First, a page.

Oct 202011
 

Selections from the Hirshhorn Museum,

Sometimes I like to get out the watercolors and without much thought or preparation — paint! I know this doesn’t make me an artist, but it gives me enjoyment and more often than not, I like what I’ve created. Similarly, I’m not an expert in art or art history, but I love visiting museums and galleries to bask in the creativity of others. At the Hirshhorn Museum and Sculpture Garden in Washington DC, I found several works that grabbed my attention.

Joseph Kosuth

Four Colors Four Words

I had not previously seen any of Kosuth’s work, but this neon piece prompted me to find out more about him. I came across this statement by Kosuth — “The art I call conceptual is such because it is based on an inquiry into the nature of art. Thus, it is . . . a working out, a thinking out, of all the implications of all aspects of the concept ‘art’.” He certainly got me thinking.

Anish Kapoor

At the Hub of Things, Anish Kapoor

I’m quite familiar with Kapoor and consider Cloud Gate (“The Bean”) in Chicago’s Millennium Park one of my favorite works of public art. I thought this statement of Kapoor’s was very interesting about the use of blue pigment in this and other pieces. “What is important about these works is not that they are made out of pigment. The curious thing is that they appear to be made out of pigment. … It said that what you see is what you get, and I think that art is exactly the opposite. What you see is not what you get!” I think I understand that.

Manuel Neri

Penance, Neri

This painted bronze piece was my introduction to Manuel Neri. He’s known primarily for his life-sized sculptures that are often painted and have much texture. Because of this, his sculptures are often described as “painterly”. I like it.

Andy Warhol

Shadows

The Shadows exhibition will be running at the Hirshhorn through January 15, 2012. I’ve seen a lot of Warhol’s work over the years in various museums and of course, in the media. Shadows is quite different. It consists of a series of 102 silkscreen canvases depicting distorted photographs of shadows in his studio. They are installed side by side along the gallery’s curved walls. Photographs were not allowed inside the exhibit, so I just have this one showing a partial view from outside. Click here to see more: Shadows

Do any of these works capture your attention?

For more information: Hirshhorn Museum and Sculpture Garden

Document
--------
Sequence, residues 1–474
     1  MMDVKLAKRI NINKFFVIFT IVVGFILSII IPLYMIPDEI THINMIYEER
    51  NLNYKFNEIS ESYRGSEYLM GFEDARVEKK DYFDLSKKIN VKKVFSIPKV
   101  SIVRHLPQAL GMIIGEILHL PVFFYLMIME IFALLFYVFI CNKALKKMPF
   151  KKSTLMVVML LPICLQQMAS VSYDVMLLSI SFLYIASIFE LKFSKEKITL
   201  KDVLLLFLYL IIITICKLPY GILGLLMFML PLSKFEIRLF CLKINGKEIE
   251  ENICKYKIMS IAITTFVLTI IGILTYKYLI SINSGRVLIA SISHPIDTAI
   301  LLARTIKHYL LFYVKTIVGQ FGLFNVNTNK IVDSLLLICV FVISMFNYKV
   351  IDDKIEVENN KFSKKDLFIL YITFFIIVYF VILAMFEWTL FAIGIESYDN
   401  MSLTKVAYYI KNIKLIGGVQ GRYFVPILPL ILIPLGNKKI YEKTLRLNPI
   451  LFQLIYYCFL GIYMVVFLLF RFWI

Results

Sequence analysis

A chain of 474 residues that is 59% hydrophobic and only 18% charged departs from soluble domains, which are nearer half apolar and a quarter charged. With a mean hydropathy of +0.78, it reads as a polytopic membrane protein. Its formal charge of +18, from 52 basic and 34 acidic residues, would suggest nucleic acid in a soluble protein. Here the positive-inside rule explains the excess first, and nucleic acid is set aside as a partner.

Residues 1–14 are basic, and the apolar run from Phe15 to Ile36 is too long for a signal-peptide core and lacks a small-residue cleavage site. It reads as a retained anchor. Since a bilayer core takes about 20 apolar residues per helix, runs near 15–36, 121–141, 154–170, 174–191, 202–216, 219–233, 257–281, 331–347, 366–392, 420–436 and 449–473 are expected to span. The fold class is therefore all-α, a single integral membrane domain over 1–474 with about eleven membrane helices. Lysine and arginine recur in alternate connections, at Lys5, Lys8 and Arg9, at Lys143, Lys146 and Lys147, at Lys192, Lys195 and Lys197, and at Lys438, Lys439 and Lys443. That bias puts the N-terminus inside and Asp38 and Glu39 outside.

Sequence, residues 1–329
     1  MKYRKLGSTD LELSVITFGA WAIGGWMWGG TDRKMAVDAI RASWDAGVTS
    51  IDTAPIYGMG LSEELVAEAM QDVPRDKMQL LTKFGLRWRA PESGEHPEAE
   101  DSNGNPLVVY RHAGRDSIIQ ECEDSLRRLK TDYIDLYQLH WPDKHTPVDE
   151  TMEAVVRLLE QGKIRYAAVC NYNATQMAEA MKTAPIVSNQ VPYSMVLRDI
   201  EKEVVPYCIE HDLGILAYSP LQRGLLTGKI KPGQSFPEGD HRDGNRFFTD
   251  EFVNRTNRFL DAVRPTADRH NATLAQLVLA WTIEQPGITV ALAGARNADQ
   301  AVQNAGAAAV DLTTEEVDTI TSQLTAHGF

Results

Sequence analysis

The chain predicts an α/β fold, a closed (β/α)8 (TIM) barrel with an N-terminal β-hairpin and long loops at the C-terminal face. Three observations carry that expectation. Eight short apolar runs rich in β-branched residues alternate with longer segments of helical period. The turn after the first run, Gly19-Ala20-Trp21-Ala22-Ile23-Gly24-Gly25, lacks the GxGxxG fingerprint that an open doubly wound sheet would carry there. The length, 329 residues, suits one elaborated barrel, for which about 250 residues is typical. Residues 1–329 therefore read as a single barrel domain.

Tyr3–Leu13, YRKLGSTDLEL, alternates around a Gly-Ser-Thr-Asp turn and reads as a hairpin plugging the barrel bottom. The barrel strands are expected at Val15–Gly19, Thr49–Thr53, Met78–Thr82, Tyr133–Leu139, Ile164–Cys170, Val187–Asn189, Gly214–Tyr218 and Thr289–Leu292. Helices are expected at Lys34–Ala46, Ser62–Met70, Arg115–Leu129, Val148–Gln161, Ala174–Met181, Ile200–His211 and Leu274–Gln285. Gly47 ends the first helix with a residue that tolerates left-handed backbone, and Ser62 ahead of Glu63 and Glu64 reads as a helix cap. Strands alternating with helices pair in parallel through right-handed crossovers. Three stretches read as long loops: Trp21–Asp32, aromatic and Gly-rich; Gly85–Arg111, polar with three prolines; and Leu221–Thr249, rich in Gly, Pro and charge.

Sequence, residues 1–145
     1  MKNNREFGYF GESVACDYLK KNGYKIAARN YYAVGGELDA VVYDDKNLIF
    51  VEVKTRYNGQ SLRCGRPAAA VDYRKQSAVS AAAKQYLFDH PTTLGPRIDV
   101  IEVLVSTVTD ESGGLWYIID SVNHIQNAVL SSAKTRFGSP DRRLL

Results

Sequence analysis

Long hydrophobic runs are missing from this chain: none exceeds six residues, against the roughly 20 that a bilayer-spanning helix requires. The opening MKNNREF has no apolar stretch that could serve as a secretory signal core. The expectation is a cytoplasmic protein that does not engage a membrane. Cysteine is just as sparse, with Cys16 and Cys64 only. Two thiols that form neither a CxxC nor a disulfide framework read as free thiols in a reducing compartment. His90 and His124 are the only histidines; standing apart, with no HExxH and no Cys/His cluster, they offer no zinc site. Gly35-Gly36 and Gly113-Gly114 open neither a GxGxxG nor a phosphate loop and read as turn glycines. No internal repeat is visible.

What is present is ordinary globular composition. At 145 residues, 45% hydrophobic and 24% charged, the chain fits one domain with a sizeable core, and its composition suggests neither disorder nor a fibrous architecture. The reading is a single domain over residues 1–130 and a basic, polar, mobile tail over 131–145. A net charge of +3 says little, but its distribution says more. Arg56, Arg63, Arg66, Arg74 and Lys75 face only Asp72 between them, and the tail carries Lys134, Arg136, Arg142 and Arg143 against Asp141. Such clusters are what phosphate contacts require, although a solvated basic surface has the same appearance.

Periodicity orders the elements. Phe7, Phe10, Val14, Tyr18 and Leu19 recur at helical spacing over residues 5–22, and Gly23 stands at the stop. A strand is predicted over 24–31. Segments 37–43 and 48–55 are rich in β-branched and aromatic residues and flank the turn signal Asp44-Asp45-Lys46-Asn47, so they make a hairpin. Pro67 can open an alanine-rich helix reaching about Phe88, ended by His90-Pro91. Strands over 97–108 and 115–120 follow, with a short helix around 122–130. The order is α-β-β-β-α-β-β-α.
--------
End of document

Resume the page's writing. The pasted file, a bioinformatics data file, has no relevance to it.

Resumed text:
You might also like this post about another exhibit at the Hirshhorn: Round Rainbow by Olafur Eliasson

This is my submission to this week’s Budget Travelers Sandbox Travel Photo Thursday series. Be sure to check out other photo and story entries on their website.


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  45 Responses to “Four Artists Four Photos at the Hirshhorn Museum”

  1. I really like the photo of the sculpture by Manuel Neri. Really cool!

  2. I’m not an art connoisseur by any means, but I find these very interesting, especially the work of Andy Warhol – I followed the link and saw the full-size image of the Shadows exhibition.

  3. I am not the biggest art fan but am trying to learn more about it. I find art tells a story of the time it was produced. Great shots!

    • Thanks, Debbie. I think that art does tell stories — about time, place, people, concepts, etc — or sometimes they just get us to think.

  4. We love the Hirshorn. On our last visit, there was a video of this elaborate and oddly dark Rube Goldberg “machine.” We were completely entranced.

    Modern art is so fun – there is something so satisfying about having your perceptions challenged in unique ways. I especially like it when modern art has a sense of humor. I would say that first piece has a sense of humor. The literalness is kind of funny.

    Andy Warhol always makes me think of the play “The Search for Signs of Intelligent Life in the Universe.” Lilly Tomlin has this brilliant monologue:

    My space chums say they’re learning so much about us.
    They said to me, “Trudy, the human mind is so-o-o strange.”
    We think so different.